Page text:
past two films. The archetype of “That One Character Who Is Actually Aware Of The Shit That’s About To Go Down” is nothing new, but it is refreshing to see that character be in a position of power for once. Had that not been the case and Oldman had been subject to Foley’s ignorant skepticism, the movie would have gone down a more stereotypical route resulting in Gordon become just another “I told you so” character. However, Nolan takes it in a much fresher direction and turns Gordon’s prudence and willingness to act into Bane’s means of trapping the majority of Gotham’s police force in the sewers during the onset of his hostile takeover of the city. Fortunately, Gordon remains above ground to play an incredibly vital role in the film’s climax and while the confrontation between Batman and Bane took center stage for the majority of that climax, Nolan makes it very clear that without Gordon’s actions there would have been no Gotham City left standing for Batman to “Sacrifice” himself for.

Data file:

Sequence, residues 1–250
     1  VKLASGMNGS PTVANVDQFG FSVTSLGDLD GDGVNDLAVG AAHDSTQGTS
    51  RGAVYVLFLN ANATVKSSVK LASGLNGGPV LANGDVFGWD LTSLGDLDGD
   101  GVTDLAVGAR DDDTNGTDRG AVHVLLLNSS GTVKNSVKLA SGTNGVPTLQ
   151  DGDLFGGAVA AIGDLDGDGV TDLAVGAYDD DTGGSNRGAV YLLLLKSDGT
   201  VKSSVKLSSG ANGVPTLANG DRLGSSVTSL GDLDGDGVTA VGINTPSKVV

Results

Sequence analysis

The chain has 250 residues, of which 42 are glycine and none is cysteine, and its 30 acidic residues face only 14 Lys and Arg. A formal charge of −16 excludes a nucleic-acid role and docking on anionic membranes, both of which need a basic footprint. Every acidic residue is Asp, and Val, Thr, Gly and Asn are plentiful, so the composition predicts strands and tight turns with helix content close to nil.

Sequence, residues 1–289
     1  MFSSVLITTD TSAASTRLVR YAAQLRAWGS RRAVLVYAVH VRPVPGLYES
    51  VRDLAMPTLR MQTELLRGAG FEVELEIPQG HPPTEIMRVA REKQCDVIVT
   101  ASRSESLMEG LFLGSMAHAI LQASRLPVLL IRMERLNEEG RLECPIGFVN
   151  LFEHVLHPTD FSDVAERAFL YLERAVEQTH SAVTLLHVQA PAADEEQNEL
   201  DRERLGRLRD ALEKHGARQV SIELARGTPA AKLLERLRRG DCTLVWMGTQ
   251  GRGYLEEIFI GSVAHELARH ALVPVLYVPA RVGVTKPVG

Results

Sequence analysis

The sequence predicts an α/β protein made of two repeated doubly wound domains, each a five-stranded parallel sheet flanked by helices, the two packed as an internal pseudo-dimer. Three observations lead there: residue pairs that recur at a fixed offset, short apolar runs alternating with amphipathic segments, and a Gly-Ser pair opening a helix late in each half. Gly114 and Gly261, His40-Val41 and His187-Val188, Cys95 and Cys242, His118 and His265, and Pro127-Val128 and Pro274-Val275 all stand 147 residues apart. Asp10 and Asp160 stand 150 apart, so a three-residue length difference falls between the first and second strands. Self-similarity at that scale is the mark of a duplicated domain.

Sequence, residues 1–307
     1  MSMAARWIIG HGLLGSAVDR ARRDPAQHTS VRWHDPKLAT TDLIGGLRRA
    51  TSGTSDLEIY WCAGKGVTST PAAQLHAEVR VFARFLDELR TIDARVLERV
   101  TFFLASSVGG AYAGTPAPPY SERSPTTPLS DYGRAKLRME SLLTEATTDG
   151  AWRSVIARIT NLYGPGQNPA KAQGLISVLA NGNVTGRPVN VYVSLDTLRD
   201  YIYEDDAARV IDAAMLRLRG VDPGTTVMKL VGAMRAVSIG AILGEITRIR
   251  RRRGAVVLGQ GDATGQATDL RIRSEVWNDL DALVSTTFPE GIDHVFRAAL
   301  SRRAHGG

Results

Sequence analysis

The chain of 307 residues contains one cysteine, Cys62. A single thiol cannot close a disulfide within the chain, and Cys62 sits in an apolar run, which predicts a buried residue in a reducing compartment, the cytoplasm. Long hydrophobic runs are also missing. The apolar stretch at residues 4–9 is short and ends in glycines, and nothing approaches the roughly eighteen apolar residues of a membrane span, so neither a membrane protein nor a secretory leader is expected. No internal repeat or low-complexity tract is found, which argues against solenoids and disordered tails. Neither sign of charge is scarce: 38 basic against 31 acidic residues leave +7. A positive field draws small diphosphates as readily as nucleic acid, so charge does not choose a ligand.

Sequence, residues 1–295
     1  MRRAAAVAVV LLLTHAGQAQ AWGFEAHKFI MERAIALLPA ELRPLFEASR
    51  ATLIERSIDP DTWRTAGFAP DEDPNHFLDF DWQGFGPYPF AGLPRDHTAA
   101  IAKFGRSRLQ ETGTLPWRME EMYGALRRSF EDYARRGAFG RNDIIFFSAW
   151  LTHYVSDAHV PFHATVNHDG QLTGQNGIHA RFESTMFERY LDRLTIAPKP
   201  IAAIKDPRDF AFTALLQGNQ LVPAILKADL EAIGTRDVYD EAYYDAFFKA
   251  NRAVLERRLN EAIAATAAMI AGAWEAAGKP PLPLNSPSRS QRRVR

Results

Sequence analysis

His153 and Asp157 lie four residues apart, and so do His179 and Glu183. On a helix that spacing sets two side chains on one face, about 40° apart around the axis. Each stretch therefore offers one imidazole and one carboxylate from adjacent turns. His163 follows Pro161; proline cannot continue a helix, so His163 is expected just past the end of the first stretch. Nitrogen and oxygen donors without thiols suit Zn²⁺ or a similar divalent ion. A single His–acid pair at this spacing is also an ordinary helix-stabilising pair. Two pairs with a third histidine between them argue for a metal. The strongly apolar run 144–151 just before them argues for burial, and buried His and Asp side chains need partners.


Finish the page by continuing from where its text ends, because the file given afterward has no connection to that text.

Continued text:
Five down, two to go for my full Dark Knight Rises review. Next up we have my segment on Batman/Bruce Wayne himself, which will be followed by my capping everything off with a look towards the future for Batman on the Big Screen.